Other commissioners chipped in, but I remember former Vice-Chair Betty Kaari Murungi unleashing a terse no comment when she was invited to speak by the media.
Another commissioner, Ahmed Farrah from Kenya moved to reassure the journalists that all the commissioners had signed the letter to Mr. Mutula Kilonzo and that there was no division among their ranks.
Abruptly, the press conference ended-in disarray in my opinion with many of the journalists grumbling in obvious disgruntlement with one woman reporter saying loudly that the healing and reconciliation should begin within the TJRC itself.
And there I was, shaking my head in befuddlement.
I find myself in the unique position of being a former political prisoner and active social justice campaigner who is on good terms with many of the commissioners as well as the staff people at the TJRC. I have met and conversed with Ambassador Bethuel Kiplagat on numerous occasions throughout this controversy around his continued stay at the helm of the commission. I am very familiar with his positions and where he is coming from. It is not a secret that I have become a virtual pariah within certain civil society circles as a result of some of my public interventions-which I will not rehash today.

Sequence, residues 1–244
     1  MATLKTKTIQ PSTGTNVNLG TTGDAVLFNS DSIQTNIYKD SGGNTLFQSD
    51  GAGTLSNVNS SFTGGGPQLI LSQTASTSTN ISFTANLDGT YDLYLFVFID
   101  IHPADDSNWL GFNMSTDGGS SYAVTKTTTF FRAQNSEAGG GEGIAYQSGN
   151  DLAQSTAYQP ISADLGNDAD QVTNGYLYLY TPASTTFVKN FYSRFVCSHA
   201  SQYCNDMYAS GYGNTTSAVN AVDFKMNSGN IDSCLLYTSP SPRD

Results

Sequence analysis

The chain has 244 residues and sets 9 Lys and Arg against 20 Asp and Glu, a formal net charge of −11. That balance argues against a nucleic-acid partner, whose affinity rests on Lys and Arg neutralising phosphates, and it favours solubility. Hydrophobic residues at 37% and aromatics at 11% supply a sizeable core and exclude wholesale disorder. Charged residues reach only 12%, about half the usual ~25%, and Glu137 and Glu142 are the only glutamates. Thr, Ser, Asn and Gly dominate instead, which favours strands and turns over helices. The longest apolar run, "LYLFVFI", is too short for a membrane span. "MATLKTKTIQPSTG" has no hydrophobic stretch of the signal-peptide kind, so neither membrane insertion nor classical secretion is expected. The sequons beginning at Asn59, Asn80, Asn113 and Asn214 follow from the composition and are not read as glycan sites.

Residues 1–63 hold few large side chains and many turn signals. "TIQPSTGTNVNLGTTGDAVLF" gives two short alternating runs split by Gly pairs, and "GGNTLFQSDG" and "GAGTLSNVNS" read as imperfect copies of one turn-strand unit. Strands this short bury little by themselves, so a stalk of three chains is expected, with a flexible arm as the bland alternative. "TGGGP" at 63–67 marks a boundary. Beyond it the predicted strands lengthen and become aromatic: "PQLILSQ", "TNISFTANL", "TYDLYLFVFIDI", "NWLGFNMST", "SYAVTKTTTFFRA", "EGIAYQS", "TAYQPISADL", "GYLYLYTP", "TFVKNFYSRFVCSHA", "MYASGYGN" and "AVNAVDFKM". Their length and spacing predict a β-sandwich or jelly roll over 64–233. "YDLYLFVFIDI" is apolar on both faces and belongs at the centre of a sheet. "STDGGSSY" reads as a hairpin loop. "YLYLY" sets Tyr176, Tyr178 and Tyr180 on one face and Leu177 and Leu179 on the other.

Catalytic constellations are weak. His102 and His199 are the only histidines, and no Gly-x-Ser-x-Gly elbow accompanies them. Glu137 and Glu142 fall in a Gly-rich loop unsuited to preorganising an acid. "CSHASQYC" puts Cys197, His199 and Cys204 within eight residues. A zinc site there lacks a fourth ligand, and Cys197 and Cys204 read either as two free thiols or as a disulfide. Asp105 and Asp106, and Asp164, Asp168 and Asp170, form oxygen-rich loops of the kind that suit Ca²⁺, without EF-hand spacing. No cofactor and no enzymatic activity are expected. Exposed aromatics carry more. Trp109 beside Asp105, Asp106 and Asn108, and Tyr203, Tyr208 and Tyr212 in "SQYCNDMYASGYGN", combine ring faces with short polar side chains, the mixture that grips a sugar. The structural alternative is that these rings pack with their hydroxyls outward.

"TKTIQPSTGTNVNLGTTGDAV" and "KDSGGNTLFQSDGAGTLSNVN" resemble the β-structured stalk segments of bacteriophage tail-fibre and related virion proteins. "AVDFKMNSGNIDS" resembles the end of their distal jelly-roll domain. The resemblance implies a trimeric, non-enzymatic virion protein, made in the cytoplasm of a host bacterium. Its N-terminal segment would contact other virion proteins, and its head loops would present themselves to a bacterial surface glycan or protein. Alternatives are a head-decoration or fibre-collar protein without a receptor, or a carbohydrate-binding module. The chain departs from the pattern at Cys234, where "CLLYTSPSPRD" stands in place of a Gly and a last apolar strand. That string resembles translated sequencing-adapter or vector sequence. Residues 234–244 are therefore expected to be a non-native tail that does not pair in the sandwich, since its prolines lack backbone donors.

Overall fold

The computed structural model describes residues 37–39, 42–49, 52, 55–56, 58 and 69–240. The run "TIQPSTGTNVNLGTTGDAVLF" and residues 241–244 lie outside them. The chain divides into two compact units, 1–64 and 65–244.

At the same time, people like Ms. Betty Kaari Murungi are comrades of mine from a long time ago and I have also discussed and consulted with her about her perspectives on the way forward. This I have done openly and on at least one occasion I have been the emissary between Ambassador Kiplagat and his former Vice-Chair when things were particularly tense between them- that is before she stepped down.
Yesterday I managed to speak to both of them.
When the TJRC Chair called me after I had left the press conference, I was very blunt with him. I told him that in my opinion, it was a mistake for him to have chaired the press conference whose main purpose was to announce that a letter had been written to the Justice minister- with a direct implication that he would stepping aside temporarily as the tribunal probed his conduct. I also informed him that I had spoken to some people at the Commission- both staff and commissioners who were quite upset at the turn of events.
What I owe to myself, my comrades and readers is my usual honest candour.
I have maintained that the way we as civil society have handled the TJRC matter has been wanting. I have kept a critical engagement with the besieged Chair in the course of which I have earned his trust and respect, and I believe it has been reciprocated.
I therefore want to address myself to my core constituency in the human rights and progressive community as well as the folks at the TJRC including Ambassador Bethuel Kiplagat: